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Roger William's story

Roger can’t remember much of his childhood, but the parts he does recall from living with his family are filled with violence. ‘I was very scared as a child, all I can remember is being scared all the time.’

When Roger was seven years old he and one of his brothers were sexually abused when out running an errand. ‘We were taken by some guy. We were walking, had to go get some bread for our mother. And he come and he was a friend of me mother’s ... He put us in the car and he wanted me to do things to him but I wouldn’t, so he hit me and told me get into the back seat. Then made my brother get into the front seat and do things to him.’

His mother was physically abusive, and would regularly ‘flog us with a jug cord’. He started getting into trouble, and by the age of 10 he and a few of his brothers were living in a Methodist boys’ home just outside of Brisbane.

Within the first month or so at the home Roger was raped by Pete, the young adult son of the manager. ‘It was very painful. I jumped up and run down to the toilet ... And then he come down and asked me if I was okay, alright.’ Roger thinks Pete might have stopped living at the home not long after this incident.

Roger was also sexually abused by Mr Adams, a man in his late 20s, who ‘looked after the boys’ and also ‘did the scouts and everything there for the home’. This abuse took place in the scout hall or Adams’s bedroom for a period of two years, ending when Roger was in his early teens. He doesn’t think his brothers knew about the abuse, and ‘I never told anyone’.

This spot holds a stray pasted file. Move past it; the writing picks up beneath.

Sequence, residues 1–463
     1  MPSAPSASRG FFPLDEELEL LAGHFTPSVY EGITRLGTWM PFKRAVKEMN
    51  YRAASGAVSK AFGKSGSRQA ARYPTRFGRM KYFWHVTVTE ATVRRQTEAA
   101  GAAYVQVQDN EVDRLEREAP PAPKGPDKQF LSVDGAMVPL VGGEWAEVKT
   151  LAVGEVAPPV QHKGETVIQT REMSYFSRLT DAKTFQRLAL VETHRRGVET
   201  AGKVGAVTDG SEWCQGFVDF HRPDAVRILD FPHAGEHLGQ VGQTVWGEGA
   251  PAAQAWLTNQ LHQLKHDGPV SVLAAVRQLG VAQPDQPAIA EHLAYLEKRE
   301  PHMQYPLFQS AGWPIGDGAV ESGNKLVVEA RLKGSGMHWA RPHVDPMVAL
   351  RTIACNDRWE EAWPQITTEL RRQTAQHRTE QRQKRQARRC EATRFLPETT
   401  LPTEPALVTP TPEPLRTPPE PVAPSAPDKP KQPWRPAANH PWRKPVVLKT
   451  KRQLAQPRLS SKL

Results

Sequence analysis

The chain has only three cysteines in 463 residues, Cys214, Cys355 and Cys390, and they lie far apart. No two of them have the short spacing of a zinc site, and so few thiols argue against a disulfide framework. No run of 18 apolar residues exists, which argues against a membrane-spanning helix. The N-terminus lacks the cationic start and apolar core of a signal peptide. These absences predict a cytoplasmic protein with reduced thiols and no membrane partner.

As a result Roger experienced sleeping difficulties. ‘At night when you’re trying to get to sleep and you’re just cursing yourself because of what happened, and things like that.’ He also began wetting the bed, continuing to do so into early adulthood, though at the time he didn’t realise this was a response to the trauma.

Another impact was confusion about his gender and sexuality – ‘till I was 20 I didn’t know if I was a girl, I thought I was a girl. Like everyone wanted to do something with me’.

The way he understood relationships was also affected. ‘I think it confuses you with love as well. You don’t know if you’re in love ... You lose your love for people.’

He lost connection to his church community and religion, too. ‘I used to love the Church and stuff like that, but then after that ... I didn’t like it at all. And then also I have no religion now. But now I sometimes look back on it and I think of the days I was in the choir and stuff like that, it was good.’

Roger married in his 20s and had children. His wife had also been sexually abused as a child, and he thinks their common experiences brought them together. ‘So I think both of us were just holding on to someone that, even though we had nothing in common, we’re just still trying to hold on to someone that liked us.’

Memories of the abuse continued to haunt him ‘every time you had free time, you were just sitting around by yourself’. Despite family members who drank heavily he never turned to alcohol to cope, although ‘I wish I would have drunk – it would have made it a lot easier’.

At one time he was taking antidepressants. ‘But then I stopped it. Because I thought, now if I want to kill myself, I don’t want to be umming and ahhing about it. I want to just go and do it.’ He feels he’d like to speak with a counsellor now, as he has ‘a few things I’d like to ask, and find out’.

Around 10 years ago Roger applied to the state redress scheme, and received the minimum payment as he didn’t tell them about abuse. ‘I was wondering why me brother got more money, so I don’t know if he had been touched as well [and disclosed this].’

Roger also reported the matter to the Church. ‘The people in there were saying, like they’re not responsible, or they’re not taking responsibility for what happened ... You don’t know if they believe you or not.’ He did not have any legal assistance, but thinks one of the Church’s representatives he met with was a lawyer. ‘They gave me some money, they gave me another $32,000’, while ‘not really saying what happened to me was true, or something like that’.

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